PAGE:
Yes, I had to work today, both in the form of a working woman and in the form of a mother who has to clean pukey things and wash dishes and do laundry and take dogs out as well as the trash. Yes, I did both paid and unpaid work today. I also shopped from a few women owned businesses. But my eleven-year-old son, my tween, recognized some kind of importance in something I said. Somethings I said, because it’s not like this is the first time I’ve discussed feminism and equality and respect and protest to my sons. No. My greatest task in life is to raise these boys into men who will go to bat for their female counterparts, who view women as equals not as sexualized objects, who don’t view feminism as a bad word.

Today I learned that I’m doing just that. Well. I’ll be.

 

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Deep Thoughts on Snow Day Four

Snow Day Four.

We slept in. They played video games while I did some work. We went to play with friends. Hit the library. Ate one of their favorite meals for dinner. Read books. I, personally, answered a billion and one questions.

Like, “If a blind person opens their eyes under water, does it still hurt?”

I’ve never, ever thought of that. My youngest son is always, always thinking. I think he’s fantastic.

Snow Day Four doesn’t hurt too much.

I figured they’d at least have a delay if not an entire Snow Day. I kind of wanted the full Snow Day because I wanted an excuse to be lazy. A lazy day with my boys and my dogs and some carbs, because we all need carbs in the winter. It’s how we survive, really.

And then I asked the older of the two boys to take the first, but younger, dog outside to do her business. He didn’t watch her. He didn’t know if she did her business. I was in the process of making dinner. I felt a little frustrated.

So I yelled.

I really don’t like yelling. I would rather avoid yelling. I want to talk about things, teach from a place of calm. Yelling scares me, so I know it has the potential to affect my boys in negative ways too.

My son went off to his room, on his own. I continued stirring homemade alfredo sauce, trying to time noodles and broccoli to end up cooked, but not over- or under-cooked all at the same time. He came out, cheeks and eyes red and swollen with tears.

“I’m sorry,” he whispered.

I took him into my arms, my chin resting on the top of his head.

“I know, buddy. But this is what Daddy and I have been talking about: responsibility, paying attention, being present. This is part of growing up and gaining more independence. It just comes with more responsibility. I love you. Always.”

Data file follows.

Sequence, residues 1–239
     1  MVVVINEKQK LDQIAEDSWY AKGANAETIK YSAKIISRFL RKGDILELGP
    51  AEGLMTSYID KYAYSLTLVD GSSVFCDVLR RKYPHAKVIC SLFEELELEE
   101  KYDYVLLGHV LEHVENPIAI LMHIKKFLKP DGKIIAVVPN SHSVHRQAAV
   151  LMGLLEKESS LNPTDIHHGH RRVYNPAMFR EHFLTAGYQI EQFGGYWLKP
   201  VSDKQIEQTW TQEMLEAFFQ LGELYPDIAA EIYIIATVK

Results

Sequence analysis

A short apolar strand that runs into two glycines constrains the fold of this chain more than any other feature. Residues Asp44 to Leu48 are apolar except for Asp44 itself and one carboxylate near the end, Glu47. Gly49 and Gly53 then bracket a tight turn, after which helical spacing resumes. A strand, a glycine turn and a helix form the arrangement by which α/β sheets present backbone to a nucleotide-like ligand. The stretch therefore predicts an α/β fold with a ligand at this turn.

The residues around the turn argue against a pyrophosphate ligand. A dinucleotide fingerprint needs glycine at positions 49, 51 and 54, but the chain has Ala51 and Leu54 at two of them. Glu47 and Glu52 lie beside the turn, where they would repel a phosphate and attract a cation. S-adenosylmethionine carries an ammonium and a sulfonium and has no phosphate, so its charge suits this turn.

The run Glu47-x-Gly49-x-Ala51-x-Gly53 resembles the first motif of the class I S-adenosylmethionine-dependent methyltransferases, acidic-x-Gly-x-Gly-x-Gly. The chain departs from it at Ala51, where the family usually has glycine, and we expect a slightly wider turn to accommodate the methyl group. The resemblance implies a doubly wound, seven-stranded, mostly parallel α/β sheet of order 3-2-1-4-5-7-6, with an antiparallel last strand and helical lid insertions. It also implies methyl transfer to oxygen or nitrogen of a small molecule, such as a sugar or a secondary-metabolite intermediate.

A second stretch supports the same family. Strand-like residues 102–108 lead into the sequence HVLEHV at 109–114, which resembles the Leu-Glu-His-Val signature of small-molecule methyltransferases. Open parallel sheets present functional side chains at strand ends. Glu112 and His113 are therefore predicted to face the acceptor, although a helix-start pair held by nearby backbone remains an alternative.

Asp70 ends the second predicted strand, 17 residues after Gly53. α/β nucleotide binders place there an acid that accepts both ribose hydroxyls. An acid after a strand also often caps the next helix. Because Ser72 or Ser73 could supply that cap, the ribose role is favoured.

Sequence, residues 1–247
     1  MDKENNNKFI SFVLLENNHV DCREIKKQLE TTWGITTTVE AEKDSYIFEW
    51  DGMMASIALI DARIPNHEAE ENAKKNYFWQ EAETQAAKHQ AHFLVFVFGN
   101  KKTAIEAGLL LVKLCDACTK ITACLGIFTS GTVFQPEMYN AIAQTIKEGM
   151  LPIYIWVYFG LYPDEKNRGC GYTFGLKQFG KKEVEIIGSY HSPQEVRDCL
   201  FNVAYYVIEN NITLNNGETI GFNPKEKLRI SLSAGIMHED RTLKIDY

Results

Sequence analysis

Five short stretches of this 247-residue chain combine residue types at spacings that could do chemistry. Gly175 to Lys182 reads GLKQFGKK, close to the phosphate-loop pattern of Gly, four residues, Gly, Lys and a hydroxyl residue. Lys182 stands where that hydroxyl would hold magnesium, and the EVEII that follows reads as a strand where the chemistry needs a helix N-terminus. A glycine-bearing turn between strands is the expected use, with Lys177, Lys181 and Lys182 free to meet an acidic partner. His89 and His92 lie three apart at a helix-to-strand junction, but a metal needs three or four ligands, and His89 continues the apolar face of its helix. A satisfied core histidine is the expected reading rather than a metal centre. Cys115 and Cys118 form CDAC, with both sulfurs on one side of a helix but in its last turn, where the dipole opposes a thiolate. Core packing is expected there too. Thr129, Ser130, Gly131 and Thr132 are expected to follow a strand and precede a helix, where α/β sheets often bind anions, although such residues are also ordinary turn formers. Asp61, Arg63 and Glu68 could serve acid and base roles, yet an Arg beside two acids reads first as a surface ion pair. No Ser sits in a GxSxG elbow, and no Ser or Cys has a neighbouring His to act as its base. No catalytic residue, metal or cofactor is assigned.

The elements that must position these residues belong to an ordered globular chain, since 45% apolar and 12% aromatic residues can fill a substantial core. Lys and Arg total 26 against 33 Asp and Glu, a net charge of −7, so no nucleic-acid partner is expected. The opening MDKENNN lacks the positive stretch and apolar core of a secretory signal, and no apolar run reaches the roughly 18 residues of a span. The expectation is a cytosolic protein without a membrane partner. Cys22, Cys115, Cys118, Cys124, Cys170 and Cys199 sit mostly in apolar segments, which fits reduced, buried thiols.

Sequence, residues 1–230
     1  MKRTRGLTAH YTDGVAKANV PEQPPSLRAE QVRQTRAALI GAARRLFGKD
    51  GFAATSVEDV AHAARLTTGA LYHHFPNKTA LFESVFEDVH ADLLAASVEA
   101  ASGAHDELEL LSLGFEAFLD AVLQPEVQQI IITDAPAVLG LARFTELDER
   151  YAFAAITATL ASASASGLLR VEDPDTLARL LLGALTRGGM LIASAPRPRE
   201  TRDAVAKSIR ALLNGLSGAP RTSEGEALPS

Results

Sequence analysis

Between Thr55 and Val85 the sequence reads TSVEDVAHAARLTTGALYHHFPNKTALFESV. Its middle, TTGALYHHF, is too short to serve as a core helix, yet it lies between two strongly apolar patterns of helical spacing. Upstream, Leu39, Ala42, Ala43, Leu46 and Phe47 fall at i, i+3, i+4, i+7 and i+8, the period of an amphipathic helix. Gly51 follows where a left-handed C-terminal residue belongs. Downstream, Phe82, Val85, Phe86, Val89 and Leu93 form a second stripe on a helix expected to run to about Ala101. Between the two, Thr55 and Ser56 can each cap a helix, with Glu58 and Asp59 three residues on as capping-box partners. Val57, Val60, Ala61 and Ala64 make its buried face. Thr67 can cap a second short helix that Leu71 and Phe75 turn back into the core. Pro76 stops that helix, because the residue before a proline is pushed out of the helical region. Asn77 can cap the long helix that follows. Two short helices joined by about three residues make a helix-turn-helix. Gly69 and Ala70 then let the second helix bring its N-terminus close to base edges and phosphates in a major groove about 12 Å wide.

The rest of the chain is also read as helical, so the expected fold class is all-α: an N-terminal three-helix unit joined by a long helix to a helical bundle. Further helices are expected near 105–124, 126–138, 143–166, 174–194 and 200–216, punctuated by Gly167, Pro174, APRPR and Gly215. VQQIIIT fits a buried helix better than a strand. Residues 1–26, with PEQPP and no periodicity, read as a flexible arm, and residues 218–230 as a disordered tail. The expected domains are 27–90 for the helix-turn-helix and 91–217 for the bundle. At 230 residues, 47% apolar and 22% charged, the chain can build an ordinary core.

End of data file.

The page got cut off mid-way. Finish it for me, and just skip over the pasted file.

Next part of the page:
He nodded. He went and got the book he picked at the library and sat at the dining room table to read while I finished up dinner. He helped set the table. He helped feed the dogs after we finished dinner. Everything went fine for the rest of the evening.

Much like I want my sons to know that one mistake is not the end of the world, I need to model that in my parenting. I sent my husband a text about how negatively I felt about myself for yelling. But if I expect my sons to rebound from supposed or surmised mistakes, shouldn’t I also do the same? Shouldn’t I also give myself the grace I afford them? Shouldn’t I work harder to forgive myself?

My therapist wants me to bring a picture of my 22-year-old—and pregnant—self to my next appointment in two weeks. I’m supposed to talk to myself, tell myself the reasons I’m still angry with that young, scared, very, very alone little mama. Because it’s true: I hold anger with absolutely no one else as to how everything happened. Except me. I’m so very angry with myself.

Today a friend related a story of a mutual friend’s unplanned pregnancy. She shared how she supported her friend through each step of the process. My heart welled up.

“I just needed you,” I said as I walked out the door, heading off to the library with the boys.
“I know.”

It is my goal to someday forgive myself. I know—I know—I did the best I could with the knowledge I had at the time. I repeat that to myself regularly. My therapist said the same thing at my last appointment. The tricky part is getting to the point of forgiveness, of letting it all go.

Because if I’m no longer mad at myself, what’s left?